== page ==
Every year, Congress members promise better funding for the IRS so it can serve taxpayers more efficiently, which benefits everyone. However, our tax attorneys have found that people believe Congress has once again underfunded the IRS.
According to Robert Weinberger, an analyst at the Tax Policy Center, the 2020 fiscal budget passed by Congress in December of 2019 is a continuation of the decades-long, inflation-adjusted depreciation in IRS funding. The 2020 funding was increased by 1.8%–which is actually a reduction when adjusted for inflation. Moreover, almost 100% of the increase goes to mandatory wage raises for IRS staff. This means that, since 2010, IRS funding has decreased by over 20%, factoring for inflation.
Ten-Year Budget Decline Still Going Strong
Weinberger’s report states that the 2020 IRS funding is merely a continuation of a decline that has been going on for over ten years. This means that the IRS is less able to collect federal taxes owed by taxpayers because there is less funding for enforcement and auditing.
ProPublica has stated that over the past 10 years, the enforcement budget for the IRS has been reduced by more than 25%. Also, the number of IRS employees has decreased by 30,000 over that same decade.
Auditing by the IRS has also decreased. A new report in The Wall Street Journal states taxpayers are now 50% less likely to be audited than in 2010, and that only about 0.45% of tax payers, including the wealthy, are likely to be audited due to lack of staffing. Audits have decreased for taxpayers earning $10 million or more from 14.52% in 2017 to less than 7% in 2018.
Treasury Secretary Promises May Not Hit the Mark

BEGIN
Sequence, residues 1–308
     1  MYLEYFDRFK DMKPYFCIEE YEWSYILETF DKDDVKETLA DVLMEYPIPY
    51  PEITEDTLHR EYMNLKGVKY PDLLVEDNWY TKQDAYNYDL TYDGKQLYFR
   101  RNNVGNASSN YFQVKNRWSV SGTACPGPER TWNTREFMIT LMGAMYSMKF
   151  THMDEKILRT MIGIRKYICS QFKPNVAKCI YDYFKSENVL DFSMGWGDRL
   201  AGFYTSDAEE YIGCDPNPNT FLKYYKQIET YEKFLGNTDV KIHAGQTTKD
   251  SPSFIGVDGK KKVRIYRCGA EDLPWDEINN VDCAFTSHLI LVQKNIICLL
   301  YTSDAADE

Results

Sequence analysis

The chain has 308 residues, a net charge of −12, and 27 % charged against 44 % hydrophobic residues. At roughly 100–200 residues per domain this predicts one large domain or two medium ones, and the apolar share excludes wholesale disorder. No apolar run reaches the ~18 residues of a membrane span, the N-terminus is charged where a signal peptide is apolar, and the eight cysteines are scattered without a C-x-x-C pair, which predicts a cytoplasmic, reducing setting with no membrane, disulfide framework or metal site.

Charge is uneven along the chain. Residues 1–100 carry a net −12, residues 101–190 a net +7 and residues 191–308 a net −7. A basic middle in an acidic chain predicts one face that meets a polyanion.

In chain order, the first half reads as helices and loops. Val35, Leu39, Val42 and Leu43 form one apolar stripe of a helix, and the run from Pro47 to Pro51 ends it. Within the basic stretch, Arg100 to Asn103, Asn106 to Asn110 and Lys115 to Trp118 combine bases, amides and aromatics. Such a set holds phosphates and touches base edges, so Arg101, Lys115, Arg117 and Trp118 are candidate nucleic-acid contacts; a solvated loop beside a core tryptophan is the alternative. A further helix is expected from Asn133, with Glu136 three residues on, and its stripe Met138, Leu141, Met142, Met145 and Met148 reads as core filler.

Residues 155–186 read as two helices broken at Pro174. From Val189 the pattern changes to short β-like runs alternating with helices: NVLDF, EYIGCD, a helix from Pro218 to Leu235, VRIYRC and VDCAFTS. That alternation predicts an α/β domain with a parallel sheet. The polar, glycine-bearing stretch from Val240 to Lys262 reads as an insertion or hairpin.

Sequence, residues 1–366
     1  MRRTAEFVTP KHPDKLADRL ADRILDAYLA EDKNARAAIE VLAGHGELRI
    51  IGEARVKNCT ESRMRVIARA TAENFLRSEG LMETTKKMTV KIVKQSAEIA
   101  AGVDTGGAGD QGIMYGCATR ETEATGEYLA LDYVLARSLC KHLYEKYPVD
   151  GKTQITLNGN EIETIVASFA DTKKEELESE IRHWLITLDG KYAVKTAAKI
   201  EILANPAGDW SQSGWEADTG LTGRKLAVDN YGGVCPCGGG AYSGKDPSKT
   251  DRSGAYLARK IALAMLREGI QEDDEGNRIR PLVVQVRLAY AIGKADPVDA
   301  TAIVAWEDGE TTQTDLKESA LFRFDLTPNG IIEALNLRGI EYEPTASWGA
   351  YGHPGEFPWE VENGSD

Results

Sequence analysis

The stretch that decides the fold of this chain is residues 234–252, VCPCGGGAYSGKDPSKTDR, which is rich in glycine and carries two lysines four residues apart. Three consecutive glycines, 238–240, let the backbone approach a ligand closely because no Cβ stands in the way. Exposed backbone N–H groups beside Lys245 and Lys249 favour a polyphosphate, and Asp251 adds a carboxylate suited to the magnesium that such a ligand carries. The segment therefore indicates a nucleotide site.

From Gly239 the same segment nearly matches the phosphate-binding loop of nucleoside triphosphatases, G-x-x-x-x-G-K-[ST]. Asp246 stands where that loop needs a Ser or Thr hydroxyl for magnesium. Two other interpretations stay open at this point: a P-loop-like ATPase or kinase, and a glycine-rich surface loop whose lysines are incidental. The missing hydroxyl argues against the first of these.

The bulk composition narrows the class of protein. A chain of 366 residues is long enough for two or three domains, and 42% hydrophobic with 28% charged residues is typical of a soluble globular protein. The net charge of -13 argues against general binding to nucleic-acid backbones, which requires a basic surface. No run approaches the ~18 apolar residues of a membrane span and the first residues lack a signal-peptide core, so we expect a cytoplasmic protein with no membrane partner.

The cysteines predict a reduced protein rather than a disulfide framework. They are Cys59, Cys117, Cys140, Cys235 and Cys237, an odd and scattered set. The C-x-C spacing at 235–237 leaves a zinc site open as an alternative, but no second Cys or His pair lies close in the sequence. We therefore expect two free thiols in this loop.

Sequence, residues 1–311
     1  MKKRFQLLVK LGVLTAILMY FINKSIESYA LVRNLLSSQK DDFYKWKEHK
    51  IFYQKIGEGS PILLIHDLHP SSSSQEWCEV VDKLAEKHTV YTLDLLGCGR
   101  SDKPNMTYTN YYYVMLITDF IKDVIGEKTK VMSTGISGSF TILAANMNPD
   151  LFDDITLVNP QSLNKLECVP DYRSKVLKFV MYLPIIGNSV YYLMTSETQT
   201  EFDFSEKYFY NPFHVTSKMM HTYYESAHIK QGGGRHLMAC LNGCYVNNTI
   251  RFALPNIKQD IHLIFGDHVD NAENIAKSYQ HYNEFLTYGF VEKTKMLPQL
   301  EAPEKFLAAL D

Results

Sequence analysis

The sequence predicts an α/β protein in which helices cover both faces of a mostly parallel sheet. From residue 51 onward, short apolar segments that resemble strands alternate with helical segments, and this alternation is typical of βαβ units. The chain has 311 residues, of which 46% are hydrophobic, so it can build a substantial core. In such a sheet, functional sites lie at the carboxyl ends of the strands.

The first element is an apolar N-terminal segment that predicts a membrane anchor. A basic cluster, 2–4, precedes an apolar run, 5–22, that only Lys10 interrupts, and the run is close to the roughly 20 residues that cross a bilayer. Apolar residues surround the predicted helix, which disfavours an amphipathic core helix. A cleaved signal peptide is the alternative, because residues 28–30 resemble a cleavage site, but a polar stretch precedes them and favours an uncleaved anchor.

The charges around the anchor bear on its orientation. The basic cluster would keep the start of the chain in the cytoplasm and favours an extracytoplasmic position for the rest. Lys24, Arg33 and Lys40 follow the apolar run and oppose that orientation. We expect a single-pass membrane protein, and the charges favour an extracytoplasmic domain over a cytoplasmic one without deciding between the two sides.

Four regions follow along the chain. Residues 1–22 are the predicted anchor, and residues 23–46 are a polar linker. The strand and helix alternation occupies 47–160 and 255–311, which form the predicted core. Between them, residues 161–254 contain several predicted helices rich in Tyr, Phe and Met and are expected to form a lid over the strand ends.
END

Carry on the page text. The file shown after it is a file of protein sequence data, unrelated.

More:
When the 2020 IRS budget was prepared, Treasury Secretary Steven Mnuchin stated that taxpayers could expect from the IRS “a customer experience comparable to the best financial institutions in the world.” Services for taxpayers were emphasized, but the biggest benefit for taxpayers actually hinges on compliance: it is estimated that each dollar invested in the IRS produces a minimum of four dollars in additional revenue generated by pursuing and acquiring uncollected taxes. The IRS says the current tax gap–the difference between money collected and taxes theoretically owed–is now approximately $380 billion.
Additionally, the IRS is now more prone to problems of identity fraud and cybersecurity threats due to poor technology and a lack of funding. Weinberger has stated that the IRS still has grave problems with reduced resources resulting in more filing-season glitches predicted to affect over 150 million taxpayers. Our tax attorneys in San Francisco will continue to follow these issues and offer updated information as it becomes available.
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